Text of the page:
Clayhall and Woodford Green GP services rated Good by health inspectors

The Clayhall Practice Group which runs Clayhall Clinic has been rated Good by CQC inspectors. Pictur

The Clayhall Practice Group which runs Clayhall Clinic has been rated Good by CQC inspectors. Picture: Google Maps - Credit: Archant

A GP practice group that runs clinics in Woodford Green and Clayhall has once again been rated Good by health inspectors.

On Friday, February 27, the Care Quality Commission (CQC) published its latest report on the Clayhall Group Practice - which runs GP clinics in Roding Lane North and Clayhall Avenue.

During an inspection on January 15, CQC inspectors found services at the group to be Good in terms of their effectiveness and leadership - the same rating it received during its last inspection on June 12 2017.

In her report, Dr Rosie Benneyworth, the CQC's chief inspector of primary medical services and integrated care, said every area of the practice was rated Good with the exeption of its care for families, children and young people, which was given the grade Requires Improvemnent.

Dr Bennyworth noted: "At this inspection we found that patients received effective care and treatment that met their needs and that the culture of the practice and the way it was led and managed meant the delivery and continual improvement of quality person-centred care.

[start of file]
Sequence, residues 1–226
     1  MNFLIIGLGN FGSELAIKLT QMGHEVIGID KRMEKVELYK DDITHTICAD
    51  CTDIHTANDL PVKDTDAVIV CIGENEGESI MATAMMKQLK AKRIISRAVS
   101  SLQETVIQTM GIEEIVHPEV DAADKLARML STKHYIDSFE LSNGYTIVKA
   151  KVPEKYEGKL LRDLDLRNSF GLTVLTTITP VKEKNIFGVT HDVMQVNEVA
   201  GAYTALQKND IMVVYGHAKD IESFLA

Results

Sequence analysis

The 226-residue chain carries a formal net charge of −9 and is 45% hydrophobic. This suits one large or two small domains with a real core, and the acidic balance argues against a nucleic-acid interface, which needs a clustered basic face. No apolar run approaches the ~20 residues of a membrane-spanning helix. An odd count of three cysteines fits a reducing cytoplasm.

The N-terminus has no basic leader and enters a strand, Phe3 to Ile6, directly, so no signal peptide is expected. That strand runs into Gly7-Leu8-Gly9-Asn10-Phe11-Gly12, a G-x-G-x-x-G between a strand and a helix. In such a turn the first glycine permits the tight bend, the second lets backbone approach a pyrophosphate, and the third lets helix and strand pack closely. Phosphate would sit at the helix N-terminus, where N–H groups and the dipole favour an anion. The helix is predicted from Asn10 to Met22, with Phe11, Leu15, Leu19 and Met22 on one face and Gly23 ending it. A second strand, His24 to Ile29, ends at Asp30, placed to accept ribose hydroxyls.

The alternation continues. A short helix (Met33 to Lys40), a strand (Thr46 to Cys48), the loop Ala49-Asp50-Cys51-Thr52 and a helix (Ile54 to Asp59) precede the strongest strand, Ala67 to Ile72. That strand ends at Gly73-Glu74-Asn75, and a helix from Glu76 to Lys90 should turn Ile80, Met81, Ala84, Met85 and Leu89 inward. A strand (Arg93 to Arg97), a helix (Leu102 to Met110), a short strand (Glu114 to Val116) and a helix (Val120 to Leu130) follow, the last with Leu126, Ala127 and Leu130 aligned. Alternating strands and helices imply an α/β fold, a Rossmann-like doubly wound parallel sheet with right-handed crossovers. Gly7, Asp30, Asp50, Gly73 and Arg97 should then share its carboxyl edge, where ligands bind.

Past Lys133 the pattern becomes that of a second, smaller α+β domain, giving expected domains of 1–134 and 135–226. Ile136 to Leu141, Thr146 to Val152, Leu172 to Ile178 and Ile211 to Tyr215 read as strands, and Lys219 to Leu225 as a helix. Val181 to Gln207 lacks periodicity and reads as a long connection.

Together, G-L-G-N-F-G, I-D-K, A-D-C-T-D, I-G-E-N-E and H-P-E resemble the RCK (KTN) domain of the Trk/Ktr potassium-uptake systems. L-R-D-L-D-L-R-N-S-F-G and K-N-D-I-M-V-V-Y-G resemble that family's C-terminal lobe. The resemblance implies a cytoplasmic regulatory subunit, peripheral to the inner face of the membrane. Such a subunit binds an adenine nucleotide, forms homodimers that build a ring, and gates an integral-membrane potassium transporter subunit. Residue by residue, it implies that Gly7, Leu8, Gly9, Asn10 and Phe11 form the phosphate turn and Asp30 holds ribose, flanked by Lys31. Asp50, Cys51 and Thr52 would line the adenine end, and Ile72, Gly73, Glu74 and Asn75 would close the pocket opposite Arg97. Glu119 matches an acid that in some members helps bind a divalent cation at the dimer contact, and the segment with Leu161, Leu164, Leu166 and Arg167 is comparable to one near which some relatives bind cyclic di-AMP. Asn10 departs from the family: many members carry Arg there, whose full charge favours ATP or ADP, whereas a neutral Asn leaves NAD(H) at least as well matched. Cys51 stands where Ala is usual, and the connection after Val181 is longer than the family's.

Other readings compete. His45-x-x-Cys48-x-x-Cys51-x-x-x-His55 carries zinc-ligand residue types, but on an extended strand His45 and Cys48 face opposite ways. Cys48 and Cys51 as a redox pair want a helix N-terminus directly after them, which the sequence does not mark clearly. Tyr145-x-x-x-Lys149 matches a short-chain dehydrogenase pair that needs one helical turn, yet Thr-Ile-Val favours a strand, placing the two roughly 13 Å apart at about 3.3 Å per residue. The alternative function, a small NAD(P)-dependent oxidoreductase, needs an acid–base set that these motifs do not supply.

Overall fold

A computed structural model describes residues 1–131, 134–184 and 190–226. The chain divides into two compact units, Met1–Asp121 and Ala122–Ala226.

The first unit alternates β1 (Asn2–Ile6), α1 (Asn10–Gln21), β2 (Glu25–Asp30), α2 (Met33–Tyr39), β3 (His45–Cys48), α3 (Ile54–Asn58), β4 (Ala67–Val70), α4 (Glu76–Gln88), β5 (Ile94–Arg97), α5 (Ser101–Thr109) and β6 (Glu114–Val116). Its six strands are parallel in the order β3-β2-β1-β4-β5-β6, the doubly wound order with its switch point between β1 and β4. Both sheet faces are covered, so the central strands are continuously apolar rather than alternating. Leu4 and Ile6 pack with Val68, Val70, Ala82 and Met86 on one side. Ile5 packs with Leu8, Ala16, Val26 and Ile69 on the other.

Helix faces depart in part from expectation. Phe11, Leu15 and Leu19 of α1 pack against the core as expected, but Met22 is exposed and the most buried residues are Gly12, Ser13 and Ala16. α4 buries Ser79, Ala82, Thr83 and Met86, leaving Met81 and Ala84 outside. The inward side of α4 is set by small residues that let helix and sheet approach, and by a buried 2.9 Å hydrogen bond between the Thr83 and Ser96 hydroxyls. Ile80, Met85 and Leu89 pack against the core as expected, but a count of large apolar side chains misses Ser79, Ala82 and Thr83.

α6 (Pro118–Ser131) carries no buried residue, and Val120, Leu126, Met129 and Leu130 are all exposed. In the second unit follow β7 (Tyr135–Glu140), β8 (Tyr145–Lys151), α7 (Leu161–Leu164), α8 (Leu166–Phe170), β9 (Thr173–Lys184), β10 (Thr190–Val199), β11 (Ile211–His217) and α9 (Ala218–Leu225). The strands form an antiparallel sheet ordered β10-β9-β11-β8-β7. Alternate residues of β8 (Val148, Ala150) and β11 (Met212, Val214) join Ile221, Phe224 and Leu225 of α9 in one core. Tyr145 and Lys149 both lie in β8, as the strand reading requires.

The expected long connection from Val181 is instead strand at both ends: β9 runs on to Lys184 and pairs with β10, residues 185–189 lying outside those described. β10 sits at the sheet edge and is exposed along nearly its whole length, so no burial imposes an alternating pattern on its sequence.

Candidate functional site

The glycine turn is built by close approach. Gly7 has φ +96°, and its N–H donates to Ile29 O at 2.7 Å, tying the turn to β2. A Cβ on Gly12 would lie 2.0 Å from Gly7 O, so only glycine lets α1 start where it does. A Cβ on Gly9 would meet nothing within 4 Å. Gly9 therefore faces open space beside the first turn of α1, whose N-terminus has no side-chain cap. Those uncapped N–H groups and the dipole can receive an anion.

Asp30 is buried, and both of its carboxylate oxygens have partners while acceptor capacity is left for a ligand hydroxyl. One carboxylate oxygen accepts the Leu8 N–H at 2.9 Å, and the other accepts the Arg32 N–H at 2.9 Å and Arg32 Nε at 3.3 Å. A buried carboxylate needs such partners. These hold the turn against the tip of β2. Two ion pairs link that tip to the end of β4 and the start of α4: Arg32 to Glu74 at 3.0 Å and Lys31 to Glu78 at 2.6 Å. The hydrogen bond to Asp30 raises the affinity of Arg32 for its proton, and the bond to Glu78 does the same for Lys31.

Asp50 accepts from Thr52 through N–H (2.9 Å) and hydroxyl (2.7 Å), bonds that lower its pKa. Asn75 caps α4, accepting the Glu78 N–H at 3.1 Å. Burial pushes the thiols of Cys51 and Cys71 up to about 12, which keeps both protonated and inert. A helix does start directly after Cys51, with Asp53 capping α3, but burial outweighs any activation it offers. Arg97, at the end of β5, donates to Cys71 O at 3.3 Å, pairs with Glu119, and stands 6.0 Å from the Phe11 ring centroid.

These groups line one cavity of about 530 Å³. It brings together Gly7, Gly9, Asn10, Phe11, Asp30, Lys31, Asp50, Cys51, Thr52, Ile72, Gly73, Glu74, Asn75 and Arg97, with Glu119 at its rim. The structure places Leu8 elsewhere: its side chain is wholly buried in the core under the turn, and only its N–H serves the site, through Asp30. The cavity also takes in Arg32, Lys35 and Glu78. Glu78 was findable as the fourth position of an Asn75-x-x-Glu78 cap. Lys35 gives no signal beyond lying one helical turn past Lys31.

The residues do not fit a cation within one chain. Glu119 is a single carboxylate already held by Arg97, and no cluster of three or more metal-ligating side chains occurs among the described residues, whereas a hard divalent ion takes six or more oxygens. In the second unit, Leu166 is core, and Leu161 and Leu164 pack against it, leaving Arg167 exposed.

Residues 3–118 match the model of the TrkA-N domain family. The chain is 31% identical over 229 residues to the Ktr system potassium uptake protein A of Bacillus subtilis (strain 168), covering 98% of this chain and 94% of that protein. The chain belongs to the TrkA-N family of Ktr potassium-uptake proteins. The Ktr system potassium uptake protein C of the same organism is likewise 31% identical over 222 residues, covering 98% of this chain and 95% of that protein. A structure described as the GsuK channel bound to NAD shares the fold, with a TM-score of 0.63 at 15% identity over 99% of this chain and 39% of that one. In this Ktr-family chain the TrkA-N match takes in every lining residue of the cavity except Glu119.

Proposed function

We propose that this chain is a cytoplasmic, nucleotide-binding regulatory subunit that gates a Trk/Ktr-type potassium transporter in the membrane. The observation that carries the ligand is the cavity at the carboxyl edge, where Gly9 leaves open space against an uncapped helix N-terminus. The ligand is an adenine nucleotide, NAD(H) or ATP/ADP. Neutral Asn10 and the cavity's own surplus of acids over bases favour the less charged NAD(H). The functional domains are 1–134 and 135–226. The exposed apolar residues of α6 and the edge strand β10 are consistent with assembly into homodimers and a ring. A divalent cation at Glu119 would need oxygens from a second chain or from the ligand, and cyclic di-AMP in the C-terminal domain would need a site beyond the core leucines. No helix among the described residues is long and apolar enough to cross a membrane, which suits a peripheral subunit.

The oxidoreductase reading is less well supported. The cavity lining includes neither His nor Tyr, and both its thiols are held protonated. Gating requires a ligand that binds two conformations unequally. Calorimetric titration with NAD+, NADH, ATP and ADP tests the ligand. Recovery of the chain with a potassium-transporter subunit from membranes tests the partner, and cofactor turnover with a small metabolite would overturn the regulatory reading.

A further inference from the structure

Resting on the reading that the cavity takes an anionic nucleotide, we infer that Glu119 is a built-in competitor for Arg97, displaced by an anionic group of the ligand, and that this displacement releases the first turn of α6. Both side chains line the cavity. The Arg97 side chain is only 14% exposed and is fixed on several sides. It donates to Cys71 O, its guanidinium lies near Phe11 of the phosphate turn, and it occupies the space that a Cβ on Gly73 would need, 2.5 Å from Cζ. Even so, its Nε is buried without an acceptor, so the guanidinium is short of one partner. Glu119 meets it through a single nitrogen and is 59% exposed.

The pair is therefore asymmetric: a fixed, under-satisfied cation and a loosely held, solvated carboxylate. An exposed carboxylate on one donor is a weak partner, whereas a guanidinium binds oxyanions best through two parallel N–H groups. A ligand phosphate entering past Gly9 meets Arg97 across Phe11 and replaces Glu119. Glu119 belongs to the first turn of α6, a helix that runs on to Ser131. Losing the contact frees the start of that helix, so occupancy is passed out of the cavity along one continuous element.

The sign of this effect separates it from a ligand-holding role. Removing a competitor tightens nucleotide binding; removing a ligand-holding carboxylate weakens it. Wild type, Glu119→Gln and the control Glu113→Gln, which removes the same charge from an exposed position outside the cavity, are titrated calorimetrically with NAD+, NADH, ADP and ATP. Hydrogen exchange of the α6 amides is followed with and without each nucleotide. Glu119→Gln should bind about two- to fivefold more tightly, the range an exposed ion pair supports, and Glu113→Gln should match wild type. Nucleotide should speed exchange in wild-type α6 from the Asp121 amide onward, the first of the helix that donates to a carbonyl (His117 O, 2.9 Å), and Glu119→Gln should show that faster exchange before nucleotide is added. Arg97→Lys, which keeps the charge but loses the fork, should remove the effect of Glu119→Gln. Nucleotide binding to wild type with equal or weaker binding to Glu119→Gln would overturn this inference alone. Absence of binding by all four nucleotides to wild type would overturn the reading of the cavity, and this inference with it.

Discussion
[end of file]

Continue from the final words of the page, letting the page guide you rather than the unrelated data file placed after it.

"Whilst we found no breaches of regulation, the provider should continue with efforts to increase the up-take of child immunisations and cervical screening."

Around 10.700 patients are currently registered to the group's two surgeries, which see three GP partners and two salaried GPs offer around 42 sessions a week.

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A practice nurse, locum pharmacist and healthcare assistant provide another 15 sessions weekly.

The only area where inspectors had slight concerns were the rate of child immunisations - with rates for children below the age of five falling below World Health Organisation guidelines.

The report states: "The practice was aware of this and told us that they would continue with their efforts in engaging with parents through the recall process and speaking with parents if they attended the practice for another reason to explain the importance of having their child immunised.

"Opportunistic immunisations were also offered.

"The demographic population groups covered by the two locations meant that the practice had some patients who did not wish to have their child immunised due to cultural reasons."